An Episode of Syphilis-Shaming Shows How Cruel Early-20th-Century Celebrity Gossip Could Be
This bizarre recording, an Edison Gold Moulded Record from c. 1904-1908 entitled “The Ravings of John McCullough,” is part of a sordid saga of celebrity gossip involving venereal disease, madness, and death. The Davidson Library at the University of California, Santa Barbara, which has digitized the record, identifies the speaker as comedian Harry Spencer, who was active around the turn of the twentieth century.
18th-Century Souvenirs From Epic Festivals Held on the Frozen River Thames
Between 1309 and 1814, with Europe in the grip of the cool period sometimes known as the Little Ice Age, the river Thames froze over 23 times. In five of these instances, the river's ice was thick enough to support structures, and citizens of London took advantage of the circumstances to throw days-long "frost fairs." As part of the festivities, printers set up shop on the ice, and sold engraved and letterpressed sheets of paper like those below. Harvard's Houghton Library recently acquired six such keepsakes.
Stunning Modernist Covers of 1930s Fortune Magazine Will Give You a Bad Case of Print Nostalgia
Fortune, which launched in 1929 as the brainchild of Henry Luce, had a lux appearance and premium price. (In 1935, the magazine's prominently-noted subscription rate of ten dollars a year would have translated to around $172 in 2014 dollars.) As part of the project's mandate to emphasize visual presentation, the magazine commissioned artists to create covers that would lend it what we might now call a strong brand identity.
1920s Instructional Diagrams Teach Ice Skating With Style
In 1921, Bror Meyer, a Swedish figure skater who won a bronze medal in the World Championships in 1906, published a manual called Skating With Bror Meyer. Meyer illustrated his book with numbered diagrams, hoping that readers would follow the sequence of actions skaters performed while executing particular maneuvers.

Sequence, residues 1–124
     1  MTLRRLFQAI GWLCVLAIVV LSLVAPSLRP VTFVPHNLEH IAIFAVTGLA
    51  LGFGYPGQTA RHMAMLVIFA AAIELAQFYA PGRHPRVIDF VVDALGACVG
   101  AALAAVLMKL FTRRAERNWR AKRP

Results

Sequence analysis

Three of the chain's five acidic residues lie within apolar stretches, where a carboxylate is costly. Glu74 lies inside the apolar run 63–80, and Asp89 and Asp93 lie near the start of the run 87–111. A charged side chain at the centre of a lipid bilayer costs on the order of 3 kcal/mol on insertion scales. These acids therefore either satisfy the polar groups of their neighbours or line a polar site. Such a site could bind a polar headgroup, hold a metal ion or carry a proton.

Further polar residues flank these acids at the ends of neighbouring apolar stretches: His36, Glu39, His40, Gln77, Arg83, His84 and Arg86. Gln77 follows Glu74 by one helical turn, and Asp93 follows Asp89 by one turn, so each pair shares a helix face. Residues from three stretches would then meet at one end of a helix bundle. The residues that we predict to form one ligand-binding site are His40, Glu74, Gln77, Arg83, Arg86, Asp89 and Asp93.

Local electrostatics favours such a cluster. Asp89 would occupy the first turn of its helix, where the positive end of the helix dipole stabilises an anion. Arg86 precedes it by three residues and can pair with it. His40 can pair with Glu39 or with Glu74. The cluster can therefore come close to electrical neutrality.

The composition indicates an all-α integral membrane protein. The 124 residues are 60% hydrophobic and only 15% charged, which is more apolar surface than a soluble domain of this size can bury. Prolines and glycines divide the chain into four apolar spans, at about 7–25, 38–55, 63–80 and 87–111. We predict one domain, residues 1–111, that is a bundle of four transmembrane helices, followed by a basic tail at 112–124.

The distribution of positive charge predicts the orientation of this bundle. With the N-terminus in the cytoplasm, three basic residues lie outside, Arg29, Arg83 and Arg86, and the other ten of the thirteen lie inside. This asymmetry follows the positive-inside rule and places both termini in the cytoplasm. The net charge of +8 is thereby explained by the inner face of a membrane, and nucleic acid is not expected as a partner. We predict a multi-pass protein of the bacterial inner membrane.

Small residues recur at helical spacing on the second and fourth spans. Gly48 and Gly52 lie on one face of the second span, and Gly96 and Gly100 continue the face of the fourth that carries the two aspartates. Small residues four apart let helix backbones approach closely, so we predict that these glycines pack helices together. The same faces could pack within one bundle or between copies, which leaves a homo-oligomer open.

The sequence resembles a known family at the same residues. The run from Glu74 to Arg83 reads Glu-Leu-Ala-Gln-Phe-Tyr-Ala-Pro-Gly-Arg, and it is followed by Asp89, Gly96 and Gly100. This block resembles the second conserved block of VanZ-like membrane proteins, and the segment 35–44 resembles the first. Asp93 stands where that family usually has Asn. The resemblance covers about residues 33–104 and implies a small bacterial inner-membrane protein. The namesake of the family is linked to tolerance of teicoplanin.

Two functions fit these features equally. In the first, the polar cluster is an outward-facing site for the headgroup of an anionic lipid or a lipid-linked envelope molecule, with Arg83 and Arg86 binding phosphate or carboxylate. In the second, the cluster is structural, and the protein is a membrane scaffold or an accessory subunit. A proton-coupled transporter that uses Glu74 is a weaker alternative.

The X-Ray Images That Showed Midcentury Scientists How Radiation Affects an Ecosystem
In June 1947, biologists from the University of Washington collected a wrasse from the waters around Bikini Atoll, squished it against a photographic plate, and took an x-ray. The resulting image shocked them. Almost an entire year had passed since the United States had detonated “Able” and “Baker,” two fission bombs, at the atoll. The scientists involved in the Bikini Scientific Resurvey were certain that the expansive Pacific Ocean would have quickly diluted and dispersed any radioactive products from the 1946 detonations.
Five More Digital History Projects We Loved in 2015
On Friday, I shared five digital history projects that dazzled me this past year. Here are five more. (The whole list is in no particular order. They're all amazing.) Happy browsing!
Five Digital History Projects That Dazzled Us in 2015
Here are five digital history sites that absorbed my attention in 2015. I'll be sharing five more on Monday, for your holiday bookmarking and browsing needs.
“The Problem of Living in New York”: A Middle-Class Complaint From 1882
"Year after year New York seems to justify the painful, dispiriting averment that it is a city of paupers and millionaires," wrote Junius Henri Browne in this 1882 cri de coeur, "The Problem of Living in New York," which appeared in Harper's Monthly Magazine. Browne, a journalist who won fame as a Civil War correspondent for the New York Tribune, had published a book-long love letter to the city (The Great Metropolis: A Mirror of New York) in 1869. Just thirteen years later, the bloom, for Browne, was off the rose.
Poe’s Only Bestseller as a Living Author Was This Schoolbook About Seashells
In 1839, Edgar Allan Poe accepted a somewhat sketchy writing job: remixing and condensing an existing book, Thomas Wyatt's Manual of Conchology, into a cheaper version that would be useful to students. Wyatt's Manual was beautiful and expensive, selling at the high price of e$8; Poe's was simple and could be bought for $1.50.
A 19th-Century Memory Palace Containing All of Ancient History
This "Chronographer of Ancient History," published by American educator Emma Willard in 1851, is one in a series of prints Willard designed to teach students about the shape of historical time. Her "Temples of Time" were (she wrote) a way to tap into the power of visual comprehension, so that the historical information conveyed would "by frequent inspection, be formed within, and forever remain, wrought into the living texture of the mind."